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Neurons and astrocytes are both inculpated in Huntington’s chorea

An international team involving the CEA-I2BM has just demonstrated that astrocytes induce the neuronal metabolism abnormalities that are characteristic of Huntington’s disease.​

Published on 26 September 2014

​Huntington’s disease, which affects 8,000 people in France, is a hereditary neurodegenerative disease caused by the mutation of the protein huntingtin. Incurable at this time, the disease manifests itself in adulthood through involuntary movements, behavioral disorders and cognitive deficits. The disease can lead to death 10-15 years after the onset of symptoms. Even before these first manifestations, cerebral glucose consumption is reduced in carriers of the mutation, as revealed by PET imaging1.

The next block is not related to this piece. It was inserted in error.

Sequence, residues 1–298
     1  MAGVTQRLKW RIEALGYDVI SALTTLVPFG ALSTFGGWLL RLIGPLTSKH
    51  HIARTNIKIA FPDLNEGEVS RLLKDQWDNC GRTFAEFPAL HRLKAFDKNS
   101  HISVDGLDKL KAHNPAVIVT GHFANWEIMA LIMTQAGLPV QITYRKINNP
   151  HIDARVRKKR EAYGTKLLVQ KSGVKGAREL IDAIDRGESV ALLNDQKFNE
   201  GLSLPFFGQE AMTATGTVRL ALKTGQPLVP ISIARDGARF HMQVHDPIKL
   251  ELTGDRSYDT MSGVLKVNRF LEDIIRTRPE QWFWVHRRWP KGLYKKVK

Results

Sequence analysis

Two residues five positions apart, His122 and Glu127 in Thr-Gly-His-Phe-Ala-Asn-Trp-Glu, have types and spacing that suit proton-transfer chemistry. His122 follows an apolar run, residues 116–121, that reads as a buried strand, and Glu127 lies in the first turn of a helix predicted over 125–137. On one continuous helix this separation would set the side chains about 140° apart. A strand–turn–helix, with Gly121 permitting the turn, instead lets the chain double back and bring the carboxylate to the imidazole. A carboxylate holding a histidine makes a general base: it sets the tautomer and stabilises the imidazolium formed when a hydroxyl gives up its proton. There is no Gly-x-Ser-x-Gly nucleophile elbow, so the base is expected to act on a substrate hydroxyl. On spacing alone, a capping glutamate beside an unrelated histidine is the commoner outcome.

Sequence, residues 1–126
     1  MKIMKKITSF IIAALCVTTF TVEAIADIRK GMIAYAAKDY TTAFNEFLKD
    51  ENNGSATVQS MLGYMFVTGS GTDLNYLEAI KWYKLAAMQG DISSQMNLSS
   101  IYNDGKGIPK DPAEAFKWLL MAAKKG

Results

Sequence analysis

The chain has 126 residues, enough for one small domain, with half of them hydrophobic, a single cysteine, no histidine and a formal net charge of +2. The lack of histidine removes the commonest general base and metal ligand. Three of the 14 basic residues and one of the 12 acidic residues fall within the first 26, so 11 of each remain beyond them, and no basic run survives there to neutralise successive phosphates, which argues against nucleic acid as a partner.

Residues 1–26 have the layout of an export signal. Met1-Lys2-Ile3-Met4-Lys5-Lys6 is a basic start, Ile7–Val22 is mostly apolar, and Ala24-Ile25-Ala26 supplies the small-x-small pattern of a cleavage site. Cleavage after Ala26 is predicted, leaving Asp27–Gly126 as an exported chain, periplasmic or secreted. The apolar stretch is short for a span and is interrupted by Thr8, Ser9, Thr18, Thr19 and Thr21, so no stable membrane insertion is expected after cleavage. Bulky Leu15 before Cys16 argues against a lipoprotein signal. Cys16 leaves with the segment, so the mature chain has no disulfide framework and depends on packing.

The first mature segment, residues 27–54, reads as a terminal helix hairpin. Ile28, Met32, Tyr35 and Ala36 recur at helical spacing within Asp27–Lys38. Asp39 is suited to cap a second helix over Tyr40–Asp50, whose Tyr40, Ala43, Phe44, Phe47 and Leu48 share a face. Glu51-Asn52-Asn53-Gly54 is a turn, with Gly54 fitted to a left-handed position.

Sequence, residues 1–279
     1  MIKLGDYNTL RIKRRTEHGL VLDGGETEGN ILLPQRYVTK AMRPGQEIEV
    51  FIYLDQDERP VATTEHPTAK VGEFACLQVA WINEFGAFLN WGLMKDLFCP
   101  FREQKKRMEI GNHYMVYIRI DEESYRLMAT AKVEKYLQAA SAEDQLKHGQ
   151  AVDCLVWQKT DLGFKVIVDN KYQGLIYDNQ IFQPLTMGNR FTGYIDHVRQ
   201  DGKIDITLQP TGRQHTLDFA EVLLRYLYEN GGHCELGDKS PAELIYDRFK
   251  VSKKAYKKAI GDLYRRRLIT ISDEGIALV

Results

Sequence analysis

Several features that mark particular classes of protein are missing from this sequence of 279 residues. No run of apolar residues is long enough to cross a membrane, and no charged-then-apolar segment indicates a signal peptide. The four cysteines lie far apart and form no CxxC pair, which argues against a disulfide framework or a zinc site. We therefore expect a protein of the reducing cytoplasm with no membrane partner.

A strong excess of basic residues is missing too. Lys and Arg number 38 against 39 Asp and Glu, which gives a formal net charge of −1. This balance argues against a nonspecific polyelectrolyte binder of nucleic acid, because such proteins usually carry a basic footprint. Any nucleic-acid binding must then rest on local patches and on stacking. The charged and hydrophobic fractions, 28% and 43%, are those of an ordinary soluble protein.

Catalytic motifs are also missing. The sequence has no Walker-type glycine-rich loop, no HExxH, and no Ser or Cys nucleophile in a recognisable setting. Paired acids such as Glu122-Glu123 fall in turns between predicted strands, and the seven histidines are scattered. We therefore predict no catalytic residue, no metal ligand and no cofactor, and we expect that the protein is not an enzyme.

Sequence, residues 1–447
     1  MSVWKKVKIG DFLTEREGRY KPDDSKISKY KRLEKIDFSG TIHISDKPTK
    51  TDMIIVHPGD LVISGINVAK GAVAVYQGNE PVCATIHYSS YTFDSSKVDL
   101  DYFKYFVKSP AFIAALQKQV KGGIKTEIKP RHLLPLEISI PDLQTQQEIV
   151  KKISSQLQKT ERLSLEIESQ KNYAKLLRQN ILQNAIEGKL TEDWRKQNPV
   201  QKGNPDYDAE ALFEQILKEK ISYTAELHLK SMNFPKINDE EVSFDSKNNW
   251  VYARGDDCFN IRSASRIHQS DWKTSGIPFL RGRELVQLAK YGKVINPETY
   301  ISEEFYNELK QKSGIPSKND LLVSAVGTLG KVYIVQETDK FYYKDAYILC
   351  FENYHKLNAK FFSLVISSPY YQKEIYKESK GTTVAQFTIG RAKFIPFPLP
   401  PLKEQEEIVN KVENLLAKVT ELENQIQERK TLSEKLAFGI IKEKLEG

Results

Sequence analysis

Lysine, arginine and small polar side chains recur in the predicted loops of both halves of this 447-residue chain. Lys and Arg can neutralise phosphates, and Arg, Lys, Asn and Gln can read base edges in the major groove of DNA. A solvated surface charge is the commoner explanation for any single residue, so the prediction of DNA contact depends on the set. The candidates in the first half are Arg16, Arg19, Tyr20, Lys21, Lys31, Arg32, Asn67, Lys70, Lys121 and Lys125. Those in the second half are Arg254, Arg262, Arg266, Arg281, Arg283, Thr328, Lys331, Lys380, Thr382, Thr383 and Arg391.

A team from the I2BM, in collaboration with French, American and Chilean2 laboratories, has explored the mechanisms of this metabolic alteration in rodent carriers of the mutated human huntingtin gene. Using an imaging technique equivalent to monitoring by PET, the researchers observed the same abnormalities in glucose consumption, in the same brain regions in mutant rodents as in human patients. Next, they examined neurons in vitro but also astrocytes3, which have not been well-studied in this respect to date. Their results show that grown in isolation, neurons as well as mutated astrocytes have a normal metabolism. In contrast, neurons (mutated or not) consume less glucose than normal when they are co-cultured with mutated astrocytes. The latter are therefore responsible for the metabolic alteration of neurons, presumably by an oxidative stress mechanism. The team is continuing its research with other animal models, with one of their goals being to develop new methods for monitoring cerebral glucose metabolism in patients.

1 Positron emission tomography.
2 Brain and Mind Research Institute (New York), Centro des Estudios Cientificos (Valdivio, Chile), CNRS/Université Pierre et Marie Curie.
3 Long considered as simple neural substrates, astrocytes or glial cells in reality play an important functional role in brain physiology.

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